The higher education market has been hit particularly hard by the pandemic, as many signature college experiences were abruptly shuttered and replaced by online learning. What was once inconceivable – virtual orientation, registration, testing, and even graduation – was made a reality, thanks in large part to secure, enterprise-grade cloud systems. Now, universities and colleges must prepare for a new era of education, where a hybrid campus including remote and in-person students may be the norm.
Whether in person or remote, learners today act differently from the traditional students of just a few years ago. Responses to a recent digital learning survey indicate that the majority of students–73 percent–somewhat or strongly agreed that they would like to take some fully online courses in the future; 68 percent indicated they would be interested in taking courses offering a combination of in-person and online instruction.
This new breed of student wants an array of class offerings, just-in-time communications and intuitive experiences that go beyond the textbook. These students–many of whom are juggling jobs, children, and aging parents–also expect their institution to provide the latest mobile tools to help them schedule classes, monitor progress, and get academic assistance, all without ever setting foot on campus.
Universities’ ability to offer these new types of educational experiences has been made possible in large part thanks to emerging technologies such as analytics. It’s critical that schools have access to data that shows that their programs are leading to student satisfaction and success in school and careers, and analytics platforms can provide that insight.
Let’s explore some areas where analytics can help reshape the higher education experience.
New Learning Opportunities
The pandemic has allowed for the development of new academic programs that may have previously been cost-prohibitive or constrained by space. There is now opportunity to create new programs that aren’t bound by space limitations. At the same time, traditional four-year institutions don’t want to lose their identity or typical experience. Using analytics, schools are able to run scenarios, such as offering more courses online, to determine what makes the most sense for their institution. In addition, analytics will help universities focus on those on-line experiences that are providing the most satisfaction to their students and make improvements to those that are not meeting the need.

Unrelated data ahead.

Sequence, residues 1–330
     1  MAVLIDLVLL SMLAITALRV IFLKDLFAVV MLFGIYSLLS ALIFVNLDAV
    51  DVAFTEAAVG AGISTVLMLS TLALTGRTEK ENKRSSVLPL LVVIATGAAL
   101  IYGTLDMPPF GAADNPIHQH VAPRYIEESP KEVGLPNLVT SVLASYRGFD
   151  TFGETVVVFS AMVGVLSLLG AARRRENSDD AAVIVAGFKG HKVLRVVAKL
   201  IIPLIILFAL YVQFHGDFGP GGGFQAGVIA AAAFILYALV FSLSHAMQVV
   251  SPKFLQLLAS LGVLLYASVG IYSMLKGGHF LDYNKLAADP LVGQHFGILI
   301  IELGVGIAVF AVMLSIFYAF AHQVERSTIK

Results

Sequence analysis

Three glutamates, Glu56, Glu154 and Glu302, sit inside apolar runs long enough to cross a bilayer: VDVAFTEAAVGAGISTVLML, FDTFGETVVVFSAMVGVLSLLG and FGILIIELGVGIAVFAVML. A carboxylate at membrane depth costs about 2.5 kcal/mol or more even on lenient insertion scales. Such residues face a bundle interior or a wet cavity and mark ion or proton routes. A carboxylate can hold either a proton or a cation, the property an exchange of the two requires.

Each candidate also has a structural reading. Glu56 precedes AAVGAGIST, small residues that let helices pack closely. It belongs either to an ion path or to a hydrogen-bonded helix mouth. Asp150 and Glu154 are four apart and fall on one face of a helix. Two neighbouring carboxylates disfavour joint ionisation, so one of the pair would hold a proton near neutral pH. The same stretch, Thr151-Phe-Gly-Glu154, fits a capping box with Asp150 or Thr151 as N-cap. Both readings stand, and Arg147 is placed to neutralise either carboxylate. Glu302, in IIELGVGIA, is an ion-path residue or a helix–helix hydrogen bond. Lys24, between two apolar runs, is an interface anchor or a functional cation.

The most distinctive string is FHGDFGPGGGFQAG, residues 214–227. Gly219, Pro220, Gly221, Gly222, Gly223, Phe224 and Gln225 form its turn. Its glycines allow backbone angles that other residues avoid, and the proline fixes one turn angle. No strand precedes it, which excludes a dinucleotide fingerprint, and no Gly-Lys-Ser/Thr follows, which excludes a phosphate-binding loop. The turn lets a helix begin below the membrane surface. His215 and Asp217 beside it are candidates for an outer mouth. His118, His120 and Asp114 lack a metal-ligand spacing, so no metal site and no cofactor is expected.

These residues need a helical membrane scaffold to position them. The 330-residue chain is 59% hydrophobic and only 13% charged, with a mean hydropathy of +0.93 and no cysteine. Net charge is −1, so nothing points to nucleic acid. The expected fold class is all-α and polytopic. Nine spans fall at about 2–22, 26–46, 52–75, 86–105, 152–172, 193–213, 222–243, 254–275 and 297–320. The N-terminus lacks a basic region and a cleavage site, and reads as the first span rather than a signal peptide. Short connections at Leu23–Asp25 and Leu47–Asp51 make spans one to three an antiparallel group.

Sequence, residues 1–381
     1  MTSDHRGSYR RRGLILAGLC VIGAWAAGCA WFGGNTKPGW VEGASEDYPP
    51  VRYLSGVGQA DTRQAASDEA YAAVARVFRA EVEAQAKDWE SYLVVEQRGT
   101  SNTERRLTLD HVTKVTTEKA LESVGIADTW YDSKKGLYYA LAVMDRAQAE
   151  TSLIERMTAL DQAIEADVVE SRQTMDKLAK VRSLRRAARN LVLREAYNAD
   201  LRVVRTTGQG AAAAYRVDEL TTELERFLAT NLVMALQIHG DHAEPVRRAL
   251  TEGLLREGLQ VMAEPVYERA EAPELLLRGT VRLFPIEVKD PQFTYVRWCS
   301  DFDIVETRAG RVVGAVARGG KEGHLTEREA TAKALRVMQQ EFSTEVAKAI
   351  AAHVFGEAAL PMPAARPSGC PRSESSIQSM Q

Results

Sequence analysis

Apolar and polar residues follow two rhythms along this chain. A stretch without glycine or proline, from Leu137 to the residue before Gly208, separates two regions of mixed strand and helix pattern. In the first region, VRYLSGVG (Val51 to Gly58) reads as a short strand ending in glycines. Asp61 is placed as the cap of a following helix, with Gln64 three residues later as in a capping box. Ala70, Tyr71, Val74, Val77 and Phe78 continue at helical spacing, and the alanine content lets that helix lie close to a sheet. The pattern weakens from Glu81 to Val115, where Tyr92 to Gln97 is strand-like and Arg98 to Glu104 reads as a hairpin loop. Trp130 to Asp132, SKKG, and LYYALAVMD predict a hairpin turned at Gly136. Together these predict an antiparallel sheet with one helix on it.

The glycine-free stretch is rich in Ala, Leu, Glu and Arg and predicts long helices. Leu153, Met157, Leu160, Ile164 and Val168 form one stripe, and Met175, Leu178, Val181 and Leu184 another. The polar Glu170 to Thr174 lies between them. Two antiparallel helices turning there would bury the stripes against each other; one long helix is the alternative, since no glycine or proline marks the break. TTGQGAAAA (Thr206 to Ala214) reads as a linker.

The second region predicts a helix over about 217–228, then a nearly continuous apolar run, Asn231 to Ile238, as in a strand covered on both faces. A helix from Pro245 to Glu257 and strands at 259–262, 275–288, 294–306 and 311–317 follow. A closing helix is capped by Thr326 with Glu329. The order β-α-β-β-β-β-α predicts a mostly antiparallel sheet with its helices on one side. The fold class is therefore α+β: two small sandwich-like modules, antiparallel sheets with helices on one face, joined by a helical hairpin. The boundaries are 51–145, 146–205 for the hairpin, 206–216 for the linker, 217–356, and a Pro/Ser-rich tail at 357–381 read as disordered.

Schools can also use analytics to judge how additions to academic offerings impact the larger campus community. With key insights gleaned, data-driven decisions can be made on projects like curriculum enhancements, capital improvements, revenue, and technology investments.
Recruiting New Students
When it comes to recruiting, many universities target student archetypes that mirror the historic makeup of their student body. But the pandemic changed the game. Students who once wanted to attend university across the country from their hometown may instead opt to stay closer to home due to travel uncertainties. Students who originally planned on attending a four-year university might consider community college due to pandemic-related financial constraints. All this to say… historic archetypes aren’t necessarily representative of the new student in this next era of education, and schools will need to update their methods. But this isn’t a bad thing.
This is a massive opportunity for universities to recruit a wider (and sometimes new) type of student. Analytics can help schools find and attract students that may not have previously been represented in their campus population, creating a campus that represents diversity in geographic, ethnic, financial, or socioeconomic backgrounds.
New Teaching Methods
Oftentimes, we think about how this next era of education will impact students, paying less mind to a crucial group: faculty and staff. They, too, are weathering this new reality, and their working methods will likely change. Professors, for example, may need to adjust tried-and-true lesson plans to suit new modes of learning. But how can professors ensure that student engagement and quality of learning remains the same?
Analytics can help. Professors can use data from their LMS and on-line delivery platforms to adjust their teaching styles depending on class interaction statistics. This can be particularly useful for very large class sizes, as it enables professors to monitor student engagement in real time and address needs as they arise.
As new course offerings and teaching models are tested out, universities can use these same engagement analytics to see how effectively these approaches are in serving their student body, and ensure students are staying on track toward a degree. For example, schools can capture and analyze data to track how frequently students are tuning into online classes, offering crucial insights to counselors who can engage absentee or struggling students to offer support. Department liaisons and student peers can play a key role in student retention and success.
While universities rethink their offerings and strategies, concrete, meaningful data and analysis will help universities carve a path forward… one that will serve the institution, and its staff and students in this next era. With the insights gleaned from multiple data sources, schools can offer new programs and reshape campus life. As the education sector, especially universities, adapt to the new models of learning brought about the pandemic, the institutions that embrace new approaches brought on by technology are the ones who will attract the new breed of student for the next generation of learning.
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